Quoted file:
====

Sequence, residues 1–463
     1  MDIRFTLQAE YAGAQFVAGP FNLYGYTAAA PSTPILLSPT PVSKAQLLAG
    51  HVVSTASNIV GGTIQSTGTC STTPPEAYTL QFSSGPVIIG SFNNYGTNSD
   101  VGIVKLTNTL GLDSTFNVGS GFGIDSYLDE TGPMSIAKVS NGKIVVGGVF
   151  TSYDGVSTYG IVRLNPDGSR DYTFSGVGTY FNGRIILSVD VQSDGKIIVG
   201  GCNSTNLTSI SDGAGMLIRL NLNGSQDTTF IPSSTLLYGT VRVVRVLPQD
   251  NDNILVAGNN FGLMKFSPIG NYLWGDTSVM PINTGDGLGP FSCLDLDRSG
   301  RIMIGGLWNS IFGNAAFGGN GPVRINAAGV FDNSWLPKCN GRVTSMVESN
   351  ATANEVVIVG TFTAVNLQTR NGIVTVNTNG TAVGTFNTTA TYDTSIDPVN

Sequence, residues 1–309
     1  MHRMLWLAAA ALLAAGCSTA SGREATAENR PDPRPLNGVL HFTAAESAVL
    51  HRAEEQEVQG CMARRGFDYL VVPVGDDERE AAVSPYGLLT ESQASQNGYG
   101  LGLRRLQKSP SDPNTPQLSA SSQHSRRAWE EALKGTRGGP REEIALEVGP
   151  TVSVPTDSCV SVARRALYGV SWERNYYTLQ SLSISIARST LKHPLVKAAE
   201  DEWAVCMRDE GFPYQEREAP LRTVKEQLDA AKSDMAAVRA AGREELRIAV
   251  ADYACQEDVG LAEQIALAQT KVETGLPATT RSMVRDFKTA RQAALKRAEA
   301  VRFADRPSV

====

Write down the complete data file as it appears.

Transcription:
Sequence, residues 1–463
     1  MDIRFTLQAE YAGAQFVAGP FNLYGYTAAA PSTPILLSPT PVSKAQLLAG
    51  HVVSTASNIV GGTIQSTGTC STTPPEAYTL QFSSGPVIIG SFNNYGTNSD
   101  VGIVKLTNTL GLDSTFNVGS GFGIDSYLDE TGPMSIAKVS NGKIVVGGVF
   151  TSYDGVSTYG IVRLNPDGSR DYTFSGVGTY FNGRIILSVD VQSDGKIIVG
   201  GCNSTNLTSI SDGAGMLIRL NLNGSQDTTF IPSSTLLYGT VRVVRVLPQD
   251  NDNILVAGNN FGLMKFSPIG NYLWGDTSVM PINTGDGLGP FSCLDLDRSG
   301  RIMIGGLWNS IFGNAAFGGN GPVRINAAGV FDNSWLPKCN GRVTSMVESN
   351  ATANEVVIVG TFTAVNLQTR NGIVTVNTNG TAVGTFNTTA TYDTSIDPVN

Sequence, residues 1–309
     1  MHRMLWLAAA ALLAAGCSTA SGREATAENR PDPRPLNGVL HFTAAESAVL
    51  HRAEEQEVQG CMARRGFDYL VVPVGDDERE AAVSPYGLLT ESQASQNGYG
   101  LGLRRLQKSP SDPNTPQLSA SSQHSRRAWE EALKGTRGGP REEIALEVGP
   151  TVSVPTDSCV SVARRALYGV SWERNYYTLQ SLSISIARST LKHPLVKAAE
   201  DEWAVCMRDE GFPYQEREAP LRTVKEQLDA AKSDMAAVRA AGREELRIAV
   251  ADYACQEDVG LAEQIALAQT KVETGLPATT RSMVRDFKTA RQAALKRAEA
   301  VRFADRPSV